Spa and holiday resort on the North Sea coast of North Yorkshire, northern England, 56 km/35 mi northeast of York; population (2001) 38,400; urban area 50,100. It is a touring centre for the Yorkshire Moors, and is also centre for fishing. A ruined 12th-century Norman castle overlooks the town.
The playwright Alan Ayckbourn has a long association with Scarborough as artistic director of the Stephen Joseph Theatre, and many of his plays have been premiered in the theatre in the round.
features The Norman castle was built on a rocky headland (87 m/285 ft high) which separates Scarborough's north and south bays. Bronze Age and Iron Age relics have been recovered from the site and in the castle yard are the remains of a Roman signal station. Remains of the Norman castle include the 12th-century keep and the 13th-century barbican. Other features include St Mary's church dating from about 1180; a house where King Richard III is said to have stayed; and Wood End, formerly a home of the Sitwell family, which now houses a museum.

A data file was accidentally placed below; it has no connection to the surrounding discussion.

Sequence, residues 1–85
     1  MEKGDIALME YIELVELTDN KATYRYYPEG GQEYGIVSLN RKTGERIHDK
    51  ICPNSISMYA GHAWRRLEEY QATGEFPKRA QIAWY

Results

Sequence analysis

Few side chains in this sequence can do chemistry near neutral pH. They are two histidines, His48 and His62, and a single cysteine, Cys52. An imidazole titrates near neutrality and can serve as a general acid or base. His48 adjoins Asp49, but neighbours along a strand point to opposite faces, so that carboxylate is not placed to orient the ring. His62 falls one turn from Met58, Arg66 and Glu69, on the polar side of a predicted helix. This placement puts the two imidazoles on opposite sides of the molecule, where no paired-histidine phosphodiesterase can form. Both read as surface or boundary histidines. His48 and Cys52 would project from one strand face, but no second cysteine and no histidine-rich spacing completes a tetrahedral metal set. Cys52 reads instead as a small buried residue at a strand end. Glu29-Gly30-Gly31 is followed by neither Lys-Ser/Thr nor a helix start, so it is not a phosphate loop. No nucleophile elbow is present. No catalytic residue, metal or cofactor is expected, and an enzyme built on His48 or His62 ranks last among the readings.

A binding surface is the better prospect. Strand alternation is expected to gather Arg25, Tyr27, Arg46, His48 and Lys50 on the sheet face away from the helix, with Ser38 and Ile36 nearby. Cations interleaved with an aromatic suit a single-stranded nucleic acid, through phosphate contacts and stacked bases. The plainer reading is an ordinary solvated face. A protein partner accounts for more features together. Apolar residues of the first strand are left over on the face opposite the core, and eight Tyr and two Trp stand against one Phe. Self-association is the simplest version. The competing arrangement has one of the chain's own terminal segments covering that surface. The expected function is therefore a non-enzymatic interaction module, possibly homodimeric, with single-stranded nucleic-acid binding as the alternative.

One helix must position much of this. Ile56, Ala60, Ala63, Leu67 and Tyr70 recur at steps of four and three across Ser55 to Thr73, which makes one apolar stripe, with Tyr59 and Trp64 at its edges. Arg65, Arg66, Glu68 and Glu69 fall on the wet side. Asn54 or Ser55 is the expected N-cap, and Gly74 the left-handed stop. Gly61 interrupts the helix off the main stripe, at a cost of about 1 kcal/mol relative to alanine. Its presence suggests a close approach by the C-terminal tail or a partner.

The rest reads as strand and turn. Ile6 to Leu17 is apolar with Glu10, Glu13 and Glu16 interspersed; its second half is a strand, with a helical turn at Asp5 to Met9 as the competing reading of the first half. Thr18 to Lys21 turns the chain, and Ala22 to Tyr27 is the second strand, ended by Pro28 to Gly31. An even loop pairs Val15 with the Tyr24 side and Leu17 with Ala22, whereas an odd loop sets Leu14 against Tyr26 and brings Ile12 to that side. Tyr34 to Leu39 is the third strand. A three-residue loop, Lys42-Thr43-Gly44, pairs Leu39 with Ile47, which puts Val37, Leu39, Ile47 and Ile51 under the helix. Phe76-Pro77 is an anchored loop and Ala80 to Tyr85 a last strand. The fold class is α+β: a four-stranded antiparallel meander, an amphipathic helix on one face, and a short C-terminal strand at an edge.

History During the Civil War the castle surrendered to Parliamentary forces after a siege in 1645. George Fox, the founder of the Society of Friends, was imprisoned in the castle from 1665 to 1666. Scarborough developed as a resort after the discovery of mineral spring water in 1620.
Famous people Scarborough was the birthplace of the poet Edith Sitwell. The novelist Anne Brontë is buried in the churchyard of St Mary's church.